Finding space for all students is a crucial, daunting priority that Romer says will cost billions. His first day on the job, he lobbied California legislators to spend more money on school buildings. His example was the $400 million Staples Center, the new sports and entertainment arena in downtown Los Angeles, the site of August’s Democratic National Convention and only about two miles from the campus of Manual Arts.
Romer told the lawmakers that if California can support the privately financed new home for the Lakers basketball team, it can afford new homes where its children can learn.
Even with substantial help from the state, the desperate need for space simply can’t be fixed immediately, he says, even though $1.5 billion in construction projects have begun in the district, including some new schools and basic repairs of older buildings.
“There’s no way we can get there” quickly enough to end year-round schools soon, he says. “The overcrowding is very disruptive and gets in the way of good instruction. I don’t know if there’s been a steeper decline [in facilities] in America. There’s been a neglect in space.”
If Calif. can afford to finance a new home for the L.A. Laker’s, it can afford new homes where its children can learn, Romer told lawmakers.
Solving the issue of space for students in Los Angeles requires several forms of attack, Romer says: building more schools, perhaps 200 of them; leasing space in office buildings or any other place appropriate for classes; reviewing schedules to make sure schools use their space wisely; and exploring ways to teach more students at home using the Internet.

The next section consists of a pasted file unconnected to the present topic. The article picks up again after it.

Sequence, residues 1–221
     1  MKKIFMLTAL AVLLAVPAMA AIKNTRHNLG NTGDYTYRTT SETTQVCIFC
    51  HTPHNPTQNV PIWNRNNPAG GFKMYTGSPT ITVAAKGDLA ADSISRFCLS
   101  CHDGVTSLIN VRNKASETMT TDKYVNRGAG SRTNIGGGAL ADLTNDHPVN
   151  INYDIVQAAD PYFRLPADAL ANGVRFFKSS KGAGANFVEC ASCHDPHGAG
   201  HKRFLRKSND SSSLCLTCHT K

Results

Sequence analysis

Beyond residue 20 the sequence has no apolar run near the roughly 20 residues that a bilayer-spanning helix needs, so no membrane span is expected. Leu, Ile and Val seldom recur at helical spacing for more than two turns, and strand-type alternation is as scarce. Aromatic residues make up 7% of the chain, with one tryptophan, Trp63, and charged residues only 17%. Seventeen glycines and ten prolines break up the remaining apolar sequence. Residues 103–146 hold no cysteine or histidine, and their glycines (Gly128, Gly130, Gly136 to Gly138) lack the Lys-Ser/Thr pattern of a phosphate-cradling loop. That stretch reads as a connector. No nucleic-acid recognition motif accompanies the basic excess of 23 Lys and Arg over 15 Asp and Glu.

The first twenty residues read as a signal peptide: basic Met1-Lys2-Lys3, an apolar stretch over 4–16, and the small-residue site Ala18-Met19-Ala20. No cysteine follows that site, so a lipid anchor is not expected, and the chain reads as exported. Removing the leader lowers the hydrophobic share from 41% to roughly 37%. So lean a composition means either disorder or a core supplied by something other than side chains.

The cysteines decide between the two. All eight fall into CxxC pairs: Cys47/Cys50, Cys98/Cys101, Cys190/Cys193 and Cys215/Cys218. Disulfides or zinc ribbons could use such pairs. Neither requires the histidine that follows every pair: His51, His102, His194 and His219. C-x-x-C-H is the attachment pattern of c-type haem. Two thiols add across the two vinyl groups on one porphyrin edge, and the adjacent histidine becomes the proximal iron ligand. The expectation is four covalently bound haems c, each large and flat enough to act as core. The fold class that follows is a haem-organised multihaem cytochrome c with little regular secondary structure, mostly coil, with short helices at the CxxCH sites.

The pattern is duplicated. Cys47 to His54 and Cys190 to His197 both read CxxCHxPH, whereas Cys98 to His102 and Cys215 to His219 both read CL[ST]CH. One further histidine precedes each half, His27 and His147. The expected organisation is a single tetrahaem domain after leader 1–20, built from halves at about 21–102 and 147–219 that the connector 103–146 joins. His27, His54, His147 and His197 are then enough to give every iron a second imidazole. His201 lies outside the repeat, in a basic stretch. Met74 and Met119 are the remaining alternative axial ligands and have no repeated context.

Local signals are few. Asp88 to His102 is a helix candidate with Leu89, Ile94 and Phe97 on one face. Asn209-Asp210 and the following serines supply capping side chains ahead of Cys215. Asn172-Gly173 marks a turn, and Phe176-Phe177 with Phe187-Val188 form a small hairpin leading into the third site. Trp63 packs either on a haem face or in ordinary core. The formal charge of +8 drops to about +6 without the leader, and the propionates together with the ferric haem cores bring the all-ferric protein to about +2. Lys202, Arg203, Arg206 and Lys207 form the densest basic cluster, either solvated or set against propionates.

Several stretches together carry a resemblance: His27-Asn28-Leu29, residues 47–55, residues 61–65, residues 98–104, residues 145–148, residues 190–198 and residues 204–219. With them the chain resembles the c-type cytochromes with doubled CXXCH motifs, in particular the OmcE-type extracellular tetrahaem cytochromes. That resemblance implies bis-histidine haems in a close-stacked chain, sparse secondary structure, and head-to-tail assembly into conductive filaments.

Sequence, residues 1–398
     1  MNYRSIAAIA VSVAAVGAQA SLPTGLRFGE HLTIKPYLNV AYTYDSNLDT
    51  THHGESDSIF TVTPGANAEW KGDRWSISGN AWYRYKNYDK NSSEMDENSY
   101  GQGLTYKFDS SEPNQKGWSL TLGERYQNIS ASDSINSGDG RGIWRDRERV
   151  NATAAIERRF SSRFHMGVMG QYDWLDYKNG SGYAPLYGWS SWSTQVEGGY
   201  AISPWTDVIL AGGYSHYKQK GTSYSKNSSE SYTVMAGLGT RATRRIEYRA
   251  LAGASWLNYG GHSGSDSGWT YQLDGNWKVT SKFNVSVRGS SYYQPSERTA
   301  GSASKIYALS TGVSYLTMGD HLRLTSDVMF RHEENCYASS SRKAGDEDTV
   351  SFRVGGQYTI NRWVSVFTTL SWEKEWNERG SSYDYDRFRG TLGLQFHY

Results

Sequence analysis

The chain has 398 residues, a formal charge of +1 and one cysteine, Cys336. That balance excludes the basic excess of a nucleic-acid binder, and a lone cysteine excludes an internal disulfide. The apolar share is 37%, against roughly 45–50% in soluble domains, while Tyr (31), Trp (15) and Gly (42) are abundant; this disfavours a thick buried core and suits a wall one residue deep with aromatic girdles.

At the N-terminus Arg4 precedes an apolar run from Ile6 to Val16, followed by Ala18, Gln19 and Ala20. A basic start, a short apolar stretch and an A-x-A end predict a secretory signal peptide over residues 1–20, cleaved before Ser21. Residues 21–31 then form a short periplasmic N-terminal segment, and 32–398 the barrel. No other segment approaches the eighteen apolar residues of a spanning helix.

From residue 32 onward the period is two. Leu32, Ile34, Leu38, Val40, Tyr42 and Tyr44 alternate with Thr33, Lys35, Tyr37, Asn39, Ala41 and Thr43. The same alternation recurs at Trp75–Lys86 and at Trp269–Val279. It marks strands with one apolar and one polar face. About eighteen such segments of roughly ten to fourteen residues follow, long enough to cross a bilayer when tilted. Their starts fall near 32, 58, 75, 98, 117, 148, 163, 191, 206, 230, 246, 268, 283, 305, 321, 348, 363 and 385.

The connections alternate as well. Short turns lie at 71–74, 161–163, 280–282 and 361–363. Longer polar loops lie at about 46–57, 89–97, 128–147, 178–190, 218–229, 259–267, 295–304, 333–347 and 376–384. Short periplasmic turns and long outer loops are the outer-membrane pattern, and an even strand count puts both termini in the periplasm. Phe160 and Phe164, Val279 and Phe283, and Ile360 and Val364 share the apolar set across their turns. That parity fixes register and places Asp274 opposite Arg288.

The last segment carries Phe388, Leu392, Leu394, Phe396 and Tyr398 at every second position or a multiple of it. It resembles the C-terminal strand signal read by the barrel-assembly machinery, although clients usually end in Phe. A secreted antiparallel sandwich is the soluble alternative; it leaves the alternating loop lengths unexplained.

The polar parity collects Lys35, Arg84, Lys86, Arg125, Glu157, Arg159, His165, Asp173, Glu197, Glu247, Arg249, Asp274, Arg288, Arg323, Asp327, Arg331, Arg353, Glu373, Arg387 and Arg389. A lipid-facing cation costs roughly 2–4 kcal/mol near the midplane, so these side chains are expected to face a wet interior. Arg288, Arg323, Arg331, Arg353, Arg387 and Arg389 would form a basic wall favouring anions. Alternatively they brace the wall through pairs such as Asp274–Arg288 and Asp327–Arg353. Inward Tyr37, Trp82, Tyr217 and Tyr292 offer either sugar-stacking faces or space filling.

The superintendent also may push for completion of the abandoned Belmont project. “My approach to the problem is, it isn’t going to be solved by letting it sit,” he says.
Romer intends to pin many of his goals as superintendent on standardized-test scores. As the founding chairman of the National Education Goals Panel in 1991, he was one of the fathers of the movement for high academic standards. Now he’s got the chance to put his ideas—which helped lead to the current widespread systems designed to hold schools accountable for student achievement—to a very real test.
“We’re after larger gains; we’re after some major, major gains,” he insists. “I view this as a very large place for all kinds of educational innovation. We’re going to turn this into a place where a number of things are percolating.”
Romer also hopes Los Angeles’ new system of managing schools at a more local level will pay off. His immediate predecessor, former interim Superintendent Ramon C. Cortines, broke Los Angeles Unified into 11 subdistricts, each governed by a local superintendent.
“We are focused on changing the culture of what’s been happening in the l.a. Unified School District,” says Renee Jackson, the superintendent of the subdistrict that includes Manual Arts, as she sits at the same table with Romer. “We’re here to provide the resources, human and monetary. Our kids, they deserve that.”
Romer says he knows all this, and says he’s getting to it.
Just not today.
“I obviously would prefer not to be doing the agenda that I’ve got,” he says, moments before stepping back into the conference room, where hurricane forces await.